Although the cards themselves are not very colorful, our final installment highlighting some of the best Premodern cards ever printed is perhaps the most exciting of them all! If you play or are interested in playing Premodern, you likely either played between ’95-’03 and strive to relive your favorite era of Magic or you are entirely new to the format and may not even know what some of these cards even do. Regardless, let’s take one final look at the cards of Magic: the Gathering’s Golden Age:
There are a whole buttload of banned Artifacts (and lands)! Obviously, the ante cards are banned: Amulet of Quoz, Bronze Tablet, and Jeweled Bird. Perhaps more obviously are some of the most busted artifacts of all time: Mana Vault, Grim Monolith, and Memory Jar (which was banned in Type II before it was even printed). Finally, Strip Mine and Tolarian Academy are also banned. You’ll also note that, although not “banned,” the ABUR Dual Lands are not Premodern Legal like they were back during the days of Extended. This is a major identifier of Premodern play.
THE CARD POOL
1. The Onslaught Block “Fetchlands.”
There were so, so many cycles of lands and artifacts over the years, but Fetches definitely seem like the place to start. The colloquially known “Fetches” were a cycle of allied nonbasic lands that, for one life, could “fetch” a basic land of one of two allied colors from your deck. Fetches also shuffled your deck, sometimes increasing your odds of winning by shuffling away less-desirable cards a la Brainstorm. Don’t confuse these “fetches” with the Mirage Block imposters: Bad River, Grasslands, Mountain Valley, Rocky Tar Pit, and Flood Plain.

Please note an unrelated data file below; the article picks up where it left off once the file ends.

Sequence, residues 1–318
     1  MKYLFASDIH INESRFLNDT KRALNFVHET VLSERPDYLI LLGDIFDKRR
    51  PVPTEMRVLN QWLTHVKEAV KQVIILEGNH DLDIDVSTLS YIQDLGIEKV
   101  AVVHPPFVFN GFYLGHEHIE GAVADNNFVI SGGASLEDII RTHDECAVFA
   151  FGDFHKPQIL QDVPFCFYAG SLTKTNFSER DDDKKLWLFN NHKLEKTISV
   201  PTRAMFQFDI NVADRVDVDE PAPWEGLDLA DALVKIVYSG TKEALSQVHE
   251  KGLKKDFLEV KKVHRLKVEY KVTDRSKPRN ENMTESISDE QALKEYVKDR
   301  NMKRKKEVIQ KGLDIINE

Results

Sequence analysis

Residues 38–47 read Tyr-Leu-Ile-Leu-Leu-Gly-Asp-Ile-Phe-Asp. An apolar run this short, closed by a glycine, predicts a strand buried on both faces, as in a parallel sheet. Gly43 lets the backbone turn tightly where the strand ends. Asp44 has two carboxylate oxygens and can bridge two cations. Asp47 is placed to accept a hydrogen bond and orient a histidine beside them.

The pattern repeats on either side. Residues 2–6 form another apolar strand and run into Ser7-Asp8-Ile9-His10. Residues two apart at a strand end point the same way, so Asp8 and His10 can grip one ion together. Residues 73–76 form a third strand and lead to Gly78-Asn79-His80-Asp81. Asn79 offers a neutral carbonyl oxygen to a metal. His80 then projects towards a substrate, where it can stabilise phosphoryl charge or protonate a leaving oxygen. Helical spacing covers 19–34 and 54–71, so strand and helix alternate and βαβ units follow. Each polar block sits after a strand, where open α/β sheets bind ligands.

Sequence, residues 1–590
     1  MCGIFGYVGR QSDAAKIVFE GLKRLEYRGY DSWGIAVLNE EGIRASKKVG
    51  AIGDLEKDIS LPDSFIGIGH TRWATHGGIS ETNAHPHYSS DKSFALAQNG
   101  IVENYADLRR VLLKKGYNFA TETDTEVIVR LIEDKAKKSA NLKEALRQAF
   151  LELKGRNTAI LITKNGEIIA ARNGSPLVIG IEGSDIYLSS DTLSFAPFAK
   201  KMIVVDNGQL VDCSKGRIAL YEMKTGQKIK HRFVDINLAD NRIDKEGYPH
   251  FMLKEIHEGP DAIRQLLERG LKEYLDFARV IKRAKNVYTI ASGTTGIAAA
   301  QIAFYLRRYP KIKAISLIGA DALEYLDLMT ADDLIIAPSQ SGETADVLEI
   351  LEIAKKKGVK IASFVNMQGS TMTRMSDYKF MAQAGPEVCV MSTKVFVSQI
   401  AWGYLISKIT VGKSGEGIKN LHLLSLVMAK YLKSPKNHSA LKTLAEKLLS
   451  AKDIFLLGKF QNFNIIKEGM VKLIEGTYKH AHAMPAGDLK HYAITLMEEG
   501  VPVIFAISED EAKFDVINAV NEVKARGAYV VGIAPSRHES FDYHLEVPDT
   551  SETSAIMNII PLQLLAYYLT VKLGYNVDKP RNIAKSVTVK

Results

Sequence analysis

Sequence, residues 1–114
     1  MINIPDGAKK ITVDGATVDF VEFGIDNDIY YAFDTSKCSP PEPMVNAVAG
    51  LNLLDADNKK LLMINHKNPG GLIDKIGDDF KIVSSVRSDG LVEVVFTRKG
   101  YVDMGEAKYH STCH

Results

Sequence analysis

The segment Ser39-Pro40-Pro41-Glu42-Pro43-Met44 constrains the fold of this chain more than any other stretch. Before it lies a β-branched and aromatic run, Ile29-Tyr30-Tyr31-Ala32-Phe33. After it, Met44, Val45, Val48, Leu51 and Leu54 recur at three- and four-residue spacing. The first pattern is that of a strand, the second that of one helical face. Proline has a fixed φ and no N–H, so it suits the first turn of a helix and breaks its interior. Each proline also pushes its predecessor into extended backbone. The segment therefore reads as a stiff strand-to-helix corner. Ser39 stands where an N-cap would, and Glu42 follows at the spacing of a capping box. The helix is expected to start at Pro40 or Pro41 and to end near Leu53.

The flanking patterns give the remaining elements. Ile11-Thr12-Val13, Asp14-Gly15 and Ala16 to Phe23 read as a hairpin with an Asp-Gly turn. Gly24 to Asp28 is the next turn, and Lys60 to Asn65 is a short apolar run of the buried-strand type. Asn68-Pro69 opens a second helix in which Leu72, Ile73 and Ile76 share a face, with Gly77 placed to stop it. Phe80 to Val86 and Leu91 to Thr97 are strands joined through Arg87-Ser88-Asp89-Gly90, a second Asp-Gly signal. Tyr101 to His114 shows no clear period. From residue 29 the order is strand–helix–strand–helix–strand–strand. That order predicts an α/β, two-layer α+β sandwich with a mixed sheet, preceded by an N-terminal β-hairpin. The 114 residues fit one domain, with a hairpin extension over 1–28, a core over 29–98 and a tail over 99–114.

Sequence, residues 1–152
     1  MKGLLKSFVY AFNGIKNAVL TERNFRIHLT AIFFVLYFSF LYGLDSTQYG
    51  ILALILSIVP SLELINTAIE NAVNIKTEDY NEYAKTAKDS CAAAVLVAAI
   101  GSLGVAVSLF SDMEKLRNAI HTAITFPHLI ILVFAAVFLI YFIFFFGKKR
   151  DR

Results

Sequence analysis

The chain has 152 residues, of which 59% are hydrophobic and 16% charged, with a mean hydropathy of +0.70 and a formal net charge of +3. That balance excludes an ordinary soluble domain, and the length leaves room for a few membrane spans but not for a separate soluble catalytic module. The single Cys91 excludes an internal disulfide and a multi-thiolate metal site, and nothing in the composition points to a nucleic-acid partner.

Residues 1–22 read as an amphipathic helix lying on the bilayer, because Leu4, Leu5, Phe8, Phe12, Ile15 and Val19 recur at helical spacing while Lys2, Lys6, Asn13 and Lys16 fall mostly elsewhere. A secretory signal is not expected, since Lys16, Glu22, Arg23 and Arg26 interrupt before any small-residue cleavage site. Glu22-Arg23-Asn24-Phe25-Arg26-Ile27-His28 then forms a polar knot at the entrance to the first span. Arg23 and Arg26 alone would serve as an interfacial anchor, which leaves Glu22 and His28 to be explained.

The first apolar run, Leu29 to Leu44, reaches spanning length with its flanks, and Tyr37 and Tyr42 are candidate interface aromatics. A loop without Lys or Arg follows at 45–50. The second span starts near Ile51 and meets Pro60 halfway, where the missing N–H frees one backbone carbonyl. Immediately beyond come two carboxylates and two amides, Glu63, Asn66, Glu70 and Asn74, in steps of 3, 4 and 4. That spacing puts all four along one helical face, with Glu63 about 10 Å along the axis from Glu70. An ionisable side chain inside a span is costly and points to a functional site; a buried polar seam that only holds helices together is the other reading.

2. …Pretty much anything that produces mana of every color.
Then, once you have one of these in play, your Reflecting Pool is really providing some value!
The Allied Painlands, Adarkar Wastes, Brushland, Underground River, Karplusan Forest, and Sulfurous Springs, were a cycle of lands originally printed in Ice Age and reprinted in Tempest. They produce either colorless mana (at no cost) or one mana of a choice between two colors at the cost of one damage to you. The Enemy Painlands, Llanowar Wastes, Shivan Reef, Battlefield Forge, Caves of Koilos, and Yavimaya Coast weren’t printed until Apocalypse. All ten are Premodern legal and come highly recommended as mana fixing in some two and most three-or-more-colored decks.
4. Black Magic: the Torment “Tainted” Lands and Cabal Coffers.
If you are playing Black, and playing some significant amount of Swamps, then you should definitely be aware of the mana fixing provided by Torment‘s “Tainted” land cycle Tainted Isle, Tainted Wood, Tainted Peak, and Tainted Field, and the ramp provided by Cabal Coffers.
6. The Urza’s Block Legendary Lands.
7. The Urza’s Block “Manlands.”
We return to the Urza’s Block! Control decks love to utilize these lands as win conditions, especially by way of a Faerie Conclave or even a Forbidding Watchtower protected by Standstill. They are free, evasive creatures at the expense of coming into play tapped, which a “Draw-Go” style deck can play around. The Ten Land Stompy deck also makes good use of Treetop Village for similar reasons. The other two in the cycle, Ghitu Encampment, and Spawning Pool, don’t see a whole lot of play.